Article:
The rocky asteroid (7482) 1994 PC1 will pass safely past Earth on January 18 at 9:51 p.m. UTC. The 1-kilometer (0.6 miles) long asteroid is potentially harmful since it approaches our planet quite closely and is large enough to inflict massive havoc if it collides.
Fortunately, it will pass closer to the earth than the Moon, at a distance of more than 1.98 million kilometers (1.23 million miles). This is the closest approach for at least the next 172 years, so we may rest confident that, despite its potential for harm, this space rock will not strike our planet anytime soon.
The next near approach under 5 million kilometers (3 million miles) will take place on January 18, 2105, while the one after that will take place on January 20, 2194. The asteroid will pass further away in both situations then it will in two weeks.
Robert McNaught of the Siding Spring Observatory in Coonabarabran, Australia, found the asteroid in 1994. However, observations of it date back to September 1974, twenty years before that. Astronomers have been able to determine its orbit precisely because to this lengthy arc of observations. Its close passing has fewer than 150 kilometers of uncertainty (93 miles).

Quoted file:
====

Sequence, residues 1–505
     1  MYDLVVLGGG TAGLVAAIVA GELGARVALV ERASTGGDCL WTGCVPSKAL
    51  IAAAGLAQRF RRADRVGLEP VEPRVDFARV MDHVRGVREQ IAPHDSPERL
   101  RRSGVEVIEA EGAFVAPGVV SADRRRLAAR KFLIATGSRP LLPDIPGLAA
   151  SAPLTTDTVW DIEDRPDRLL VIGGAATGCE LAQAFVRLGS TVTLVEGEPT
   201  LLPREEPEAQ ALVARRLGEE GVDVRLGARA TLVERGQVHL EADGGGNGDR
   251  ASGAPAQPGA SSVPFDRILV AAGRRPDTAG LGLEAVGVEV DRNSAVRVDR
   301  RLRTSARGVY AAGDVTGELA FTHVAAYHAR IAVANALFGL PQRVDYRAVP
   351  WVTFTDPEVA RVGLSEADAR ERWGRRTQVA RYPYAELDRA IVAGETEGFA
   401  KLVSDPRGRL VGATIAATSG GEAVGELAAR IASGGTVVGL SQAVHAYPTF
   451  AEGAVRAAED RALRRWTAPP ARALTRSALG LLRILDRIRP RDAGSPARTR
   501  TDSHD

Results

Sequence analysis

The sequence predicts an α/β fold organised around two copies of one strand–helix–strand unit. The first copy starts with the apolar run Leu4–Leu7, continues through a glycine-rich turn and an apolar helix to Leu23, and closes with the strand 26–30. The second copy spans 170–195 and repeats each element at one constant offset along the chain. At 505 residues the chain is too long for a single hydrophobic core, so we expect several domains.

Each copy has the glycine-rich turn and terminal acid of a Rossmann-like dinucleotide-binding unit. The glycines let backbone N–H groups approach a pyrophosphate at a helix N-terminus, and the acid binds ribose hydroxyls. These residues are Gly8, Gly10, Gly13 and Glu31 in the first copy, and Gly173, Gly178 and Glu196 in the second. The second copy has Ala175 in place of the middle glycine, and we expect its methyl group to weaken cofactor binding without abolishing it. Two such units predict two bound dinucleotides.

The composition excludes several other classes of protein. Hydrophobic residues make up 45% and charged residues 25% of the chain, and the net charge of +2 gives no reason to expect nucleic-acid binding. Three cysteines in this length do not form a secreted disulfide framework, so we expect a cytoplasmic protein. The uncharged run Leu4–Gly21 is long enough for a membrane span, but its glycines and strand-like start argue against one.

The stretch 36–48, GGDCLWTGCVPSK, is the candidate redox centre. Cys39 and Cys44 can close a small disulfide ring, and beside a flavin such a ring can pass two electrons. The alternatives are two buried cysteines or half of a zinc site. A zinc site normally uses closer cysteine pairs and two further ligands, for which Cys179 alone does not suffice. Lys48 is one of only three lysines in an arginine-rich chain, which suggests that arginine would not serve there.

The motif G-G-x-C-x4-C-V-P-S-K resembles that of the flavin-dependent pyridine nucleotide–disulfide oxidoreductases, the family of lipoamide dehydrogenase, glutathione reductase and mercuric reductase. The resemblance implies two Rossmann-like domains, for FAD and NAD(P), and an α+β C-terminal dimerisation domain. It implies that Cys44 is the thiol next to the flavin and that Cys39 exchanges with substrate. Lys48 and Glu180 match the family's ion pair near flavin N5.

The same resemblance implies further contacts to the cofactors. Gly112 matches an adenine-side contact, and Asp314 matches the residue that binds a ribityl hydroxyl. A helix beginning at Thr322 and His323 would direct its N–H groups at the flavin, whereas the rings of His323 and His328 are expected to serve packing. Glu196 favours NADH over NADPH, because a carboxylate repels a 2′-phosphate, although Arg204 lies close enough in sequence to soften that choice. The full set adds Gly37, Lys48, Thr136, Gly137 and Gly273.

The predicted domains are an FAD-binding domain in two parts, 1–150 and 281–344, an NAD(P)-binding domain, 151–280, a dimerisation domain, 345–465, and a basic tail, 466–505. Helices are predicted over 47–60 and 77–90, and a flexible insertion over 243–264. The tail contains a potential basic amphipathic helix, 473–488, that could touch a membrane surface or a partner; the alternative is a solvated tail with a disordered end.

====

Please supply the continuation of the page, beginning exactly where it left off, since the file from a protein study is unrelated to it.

Close approaches to planets, the moon, and the largest few main-belt asteroids are shown in the table below (such as 1 Ceres, 4 Vesta, and 10 Hygiea). Only approaches that are quite near and have a low level of uncertainty are considered. The CNEOS website has a consolidated table of all NEOs’ near encounters to Earth.
S-type asteroid (7482) 1994 PC1 is the second most frequent form of an asteroid after the carbonaceous C-type. They are rich in siliceous material, generally quite bright, and often consist of iron and magnesium silicates. If you want to see this space rock pass through the sky, you will need a powerful telescope. With a maximum magnitude of 10, even binoculars or the naked eye will not be able to see it. Near-Earth Object Coordinating Center keeps the track of all the objects.